American Idol Recap: Paul F. Tompkins on Motown Week

American Idol

Final 11 Perform; Motown Week
Season 10 Episode 20

American Idol

Final 11 Perform; Motown Week
Season 10 Episode 20

What’s going on here?! The show begins and the picture is in black and white! I think, “I‘d better adjust my set.” I get my tools out: screwdriver, hammer, awl — and I am then informed by Ryan Seacrest that that I should not adjust my set. Idol is having some low-production-value fun with us, because this week, the theme is Motown!

I cannot tell you how much I am not looking forward to this. Now, let me explain. Those Motown classics are undeniable works of art, the result of concentrated greatness, and they will live forever in the pantheon of songwriting. But many of these treasured songs I never, ever want to hear again, ever in my life, hear me God. Nefarious agents (who assemble movie soundtracks and trailers) have played these songs out, all the way out, and I don’t derive any pleasure from most of them any more. So for each performance, I will be letting you know if I ever need to hear that particular Motown song again.

The judges are introduced and J. Lo is dressed like a profoundly sexy Easter egg. We see that Liv Tyler, inexplicably the daughter of Steven Tyler, is in the audience, being beautiful. I find her to be so incredibly lovely and I always have. I even saw The Strangers, a horribly unsettling movie that caused my wife and me to fight over nothing and made us terrified of our own home.

First up is Casey, who sings “I Heard It Through The Grapevine.” There is a heavy component of embarrassing white soul to this performance. Casey makes a lap around the audience and people are thrilled. “It’s Casey from American Idol!”, the American Idol audience seems to say, as Casey strolls past them. As always, Casey performs it to the hilt, and scores big with the crowd. But, boy oh boy. “I Heard It Through The Grapevine?”
JUDGES: Steven likes it! J. Lo thinks Casey might be “the guy” right now. Randy loves that Casey is a true original!
ME: I like Casey, but this makes two weeks in a row that I found nothing enjoyable about his performance. I admire his skills as a showman, but said skills could not redeem this performance/song choice combo for me. It is odd to see a 20-year-old guy come off so middle-aged. I could maybe even see this used for a Viagra commercial, if it was recreated shot-for-shot, but have a gray-haired dude lip-synching to Casey’s vocal. If you see that happen, by the way, know that I am owed money.
DO I EVER NEED TO HEAR THIS MOTOWN SONG AGAIN? No. I don’t care who sings it. If Marvin Gaye himself came back from the dead — not in a zombie way but in a pleasant way, like they found a cure for death and it was just a very specific combination of herbs — and the resurrected Marvin started singing that song, as soon as he hit that first “Oo,” I would yank the plug out the wall and silence the PA. Then I would hope that I could think of a cover story good enough that would not only make him stay but also skip ahead to “What’s Goin’ On.”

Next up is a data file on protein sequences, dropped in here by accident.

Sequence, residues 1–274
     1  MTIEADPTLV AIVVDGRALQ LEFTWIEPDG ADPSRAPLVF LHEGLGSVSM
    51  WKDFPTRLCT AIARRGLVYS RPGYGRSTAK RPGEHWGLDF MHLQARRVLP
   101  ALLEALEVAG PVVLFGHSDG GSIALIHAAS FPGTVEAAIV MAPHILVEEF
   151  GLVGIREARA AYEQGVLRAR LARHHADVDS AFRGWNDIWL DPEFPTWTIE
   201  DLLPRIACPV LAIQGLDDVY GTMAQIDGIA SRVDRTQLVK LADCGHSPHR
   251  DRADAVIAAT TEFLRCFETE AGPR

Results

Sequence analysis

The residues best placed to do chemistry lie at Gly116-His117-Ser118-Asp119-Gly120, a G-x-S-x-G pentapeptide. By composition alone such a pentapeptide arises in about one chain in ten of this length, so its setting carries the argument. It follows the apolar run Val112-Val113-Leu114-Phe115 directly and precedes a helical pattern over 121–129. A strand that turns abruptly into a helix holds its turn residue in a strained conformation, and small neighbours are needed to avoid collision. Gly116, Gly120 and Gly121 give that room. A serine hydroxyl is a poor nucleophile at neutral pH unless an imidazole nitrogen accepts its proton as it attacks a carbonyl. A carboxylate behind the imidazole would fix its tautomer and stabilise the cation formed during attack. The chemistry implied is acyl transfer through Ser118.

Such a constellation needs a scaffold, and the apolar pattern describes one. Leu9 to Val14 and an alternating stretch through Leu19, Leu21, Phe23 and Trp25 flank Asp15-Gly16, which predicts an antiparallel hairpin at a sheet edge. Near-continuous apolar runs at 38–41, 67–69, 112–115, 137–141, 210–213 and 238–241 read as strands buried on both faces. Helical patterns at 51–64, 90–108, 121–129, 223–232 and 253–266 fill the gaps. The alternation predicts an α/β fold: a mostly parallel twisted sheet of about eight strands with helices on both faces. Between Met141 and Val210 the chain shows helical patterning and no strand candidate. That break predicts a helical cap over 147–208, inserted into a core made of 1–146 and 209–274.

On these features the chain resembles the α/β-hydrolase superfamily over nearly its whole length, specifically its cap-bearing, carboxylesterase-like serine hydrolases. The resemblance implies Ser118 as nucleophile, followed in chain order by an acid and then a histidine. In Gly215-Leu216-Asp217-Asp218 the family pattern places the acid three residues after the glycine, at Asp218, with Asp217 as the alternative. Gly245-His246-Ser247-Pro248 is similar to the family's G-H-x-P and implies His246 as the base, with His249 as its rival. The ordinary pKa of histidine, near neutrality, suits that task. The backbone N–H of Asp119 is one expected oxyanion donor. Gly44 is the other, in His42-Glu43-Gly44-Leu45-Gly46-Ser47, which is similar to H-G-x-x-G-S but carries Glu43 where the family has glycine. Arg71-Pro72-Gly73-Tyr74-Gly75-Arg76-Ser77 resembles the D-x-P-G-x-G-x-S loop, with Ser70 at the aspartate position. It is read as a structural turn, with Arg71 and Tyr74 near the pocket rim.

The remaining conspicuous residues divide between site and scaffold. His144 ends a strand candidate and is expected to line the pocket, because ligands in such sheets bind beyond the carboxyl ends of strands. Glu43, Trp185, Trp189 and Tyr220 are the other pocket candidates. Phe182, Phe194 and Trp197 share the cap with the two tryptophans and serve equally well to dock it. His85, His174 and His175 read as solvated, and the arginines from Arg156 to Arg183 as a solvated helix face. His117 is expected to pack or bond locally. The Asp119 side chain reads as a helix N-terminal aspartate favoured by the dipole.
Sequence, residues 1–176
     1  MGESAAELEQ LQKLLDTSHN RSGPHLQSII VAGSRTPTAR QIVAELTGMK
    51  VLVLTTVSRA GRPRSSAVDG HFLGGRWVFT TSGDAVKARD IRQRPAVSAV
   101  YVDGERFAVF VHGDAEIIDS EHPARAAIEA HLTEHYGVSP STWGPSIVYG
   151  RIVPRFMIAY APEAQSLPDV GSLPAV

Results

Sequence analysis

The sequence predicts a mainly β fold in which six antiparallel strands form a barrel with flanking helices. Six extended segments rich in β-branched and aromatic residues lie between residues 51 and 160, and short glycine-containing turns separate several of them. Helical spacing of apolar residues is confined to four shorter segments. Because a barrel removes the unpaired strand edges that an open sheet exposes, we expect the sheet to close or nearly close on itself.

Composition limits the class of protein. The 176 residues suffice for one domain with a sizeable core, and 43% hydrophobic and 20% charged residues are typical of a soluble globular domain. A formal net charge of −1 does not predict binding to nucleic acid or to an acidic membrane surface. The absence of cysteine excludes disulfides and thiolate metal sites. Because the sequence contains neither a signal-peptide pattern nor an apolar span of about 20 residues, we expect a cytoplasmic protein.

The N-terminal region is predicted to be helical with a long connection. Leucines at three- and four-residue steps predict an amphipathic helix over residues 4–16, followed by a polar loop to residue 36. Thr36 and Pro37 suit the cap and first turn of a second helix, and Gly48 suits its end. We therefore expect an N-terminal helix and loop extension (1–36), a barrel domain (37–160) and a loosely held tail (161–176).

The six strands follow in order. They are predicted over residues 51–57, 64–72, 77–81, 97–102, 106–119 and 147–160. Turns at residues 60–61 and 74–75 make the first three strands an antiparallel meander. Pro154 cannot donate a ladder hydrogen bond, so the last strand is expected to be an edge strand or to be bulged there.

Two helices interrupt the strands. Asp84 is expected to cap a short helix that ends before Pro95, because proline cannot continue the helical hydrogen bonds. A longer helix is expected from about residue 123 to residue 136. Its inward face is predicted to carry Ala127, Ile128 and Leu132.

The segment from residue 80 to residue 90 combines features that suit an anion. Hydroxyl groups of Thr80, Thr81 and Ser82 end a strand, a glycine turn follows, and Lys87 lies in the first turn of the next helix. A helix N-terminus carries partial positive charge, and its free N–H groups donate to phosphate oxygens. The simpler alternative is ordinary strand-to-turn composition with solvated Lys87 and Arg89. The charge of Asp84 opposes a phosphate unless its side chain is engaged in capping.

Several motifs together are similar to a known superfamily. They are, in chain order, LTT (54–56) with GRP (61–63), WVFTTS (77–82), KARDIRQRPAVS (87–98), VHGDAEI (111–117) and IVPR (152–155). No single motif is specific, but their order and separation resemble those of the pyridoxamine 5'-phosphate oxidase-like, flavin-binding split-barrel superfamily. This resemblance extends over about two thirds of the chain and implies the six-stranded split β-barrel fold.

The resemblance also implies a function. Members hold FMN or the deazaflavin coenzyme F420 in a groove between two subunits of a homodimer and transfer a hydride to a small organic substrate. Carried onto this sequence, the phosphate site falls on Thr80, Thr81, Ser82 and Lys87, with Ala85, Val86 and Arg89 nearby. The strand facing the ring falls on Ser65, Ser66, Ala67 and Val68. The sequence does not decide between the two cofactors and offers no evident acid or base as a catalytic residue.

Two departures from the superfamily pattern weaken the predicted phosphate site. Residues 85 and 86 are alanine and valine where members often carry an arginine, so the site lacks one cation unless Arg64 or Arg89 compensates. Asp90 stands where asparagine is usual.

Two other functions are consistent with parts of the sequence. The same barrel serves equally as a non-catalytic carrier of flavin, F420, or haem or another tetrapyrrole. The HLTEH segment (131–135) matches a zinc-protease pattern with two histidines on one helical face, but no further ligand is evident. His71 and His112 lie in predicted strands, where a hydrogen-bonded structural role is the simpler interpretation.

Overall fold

Back from the break, Ryan gives a “quick shout-out to Brad Whitford, guitarist for Aerosmith.” Brad is there in the audience, dressed like a chimney sweep from Thunderdome. Hey, maybe take off your top hat when people are sitting behind you (that’s etiquette left over from top hat days).

Thia sings “Heat Wave” by Martha & The Vandellas, and this marks Thia’s first time singing an up-tempo song. She’s perhaps a little more comfortable than expected, but not too comfortable. She can’t quite hit the highest note of the chorus and she flubs one of the lines. But to be fair, “Heat Wave” moves along at such a breakneck pace it killed over six Vandellas.
JUDGES: Steven likes it! J. Lo thinks she’s just scratched the surface and needs to dig deeper. Randy yells at her to PUSH! PUSH!
ME: My feelings are best summed up by this excerpt from Steven’s glowing review of Thia: “I’m good with it.” Thia is too young to interest me as an artist or as a television personality or as a human. No one mentions her flubbing that line, by the way. You’re slipping, judges. My taxes pay your salary!

Back from break: Thia says she “flubbed the lyrics a little bit but hopefully no one will notice.” Oh, I noticed, Thia. I noticed. But I am like Uatu, the Watcher; I see all but am forbidden to interfere!

Next up is Jacob, singing Marvin Gaye’s “You’re All I Need To Get By.” What do you think it’s going to sound like? Yes, that’s what it sounds like. When Jacob is done beating a confession out of this song, Steven Tyler is moved to walk onto the stage and embrace Jacob, anointing him “Baby Luther.” How much are the judges supposed to sway votes on this show? All the way or just most of the way? I mean, I know they didn’t take an oath or anything, but please. Sit your ass down and remember how awful that Heart song was last week.
JUDGES: Steven still likes it! J. Lo says Jacob moves her, then amends her statement to include the world in this forced movement. Randy asks if Jacob knows what was wrong with that performance. TRICK QUESTION! There was nothing wrong with it! Jacob’s grandmother has to hug him too, perhaps as a comfort because he failed Randy’s rigged test.
ME: This song was a perfectly appropriate choice for Jacob, and he did a good job. But he’s oversung everything on the show to the point where even when it’s appropriate, it doesn’t do anything for me. Worthy of note: Ryan Seacrest inadvertently causes a moment of genuine spontaneity by joking that the whole first row is invited to come up and hug Jacob, and people actually get up and hug Jacob. Returning to form, Ryan then acts put out by the fact that it’s actually happening. Ah, that was fun for almost a full dozen seconds.
DO I EVER NEED TO HEAR THIS MOTOWN SONG AGAIN? Yes. It goes straight onto my “Concert Requests for a Resurrected Marvin Gaye” list.

Lauren sings, “You Keep Me Hangin’ On” by The Supremes and marches all over the stage and sings directly to the judges. As always, she is playing to an audience of three. Lauren. That part of the contest is over. America votes now. Take a glance at the camera every once in a while. This isn’t a child beauty pageant.
JUDGES: Steven likes it! J. Lo likes all the attitude! Randy says Lauren’s “got her swagger on high!”
ME: Lauren’s just a kid so I don’t want to be too hard on her, but I will say that if we were the same age, I would think she was a creep. But since I’m so much older than her, I can’t really bring myself to call her names.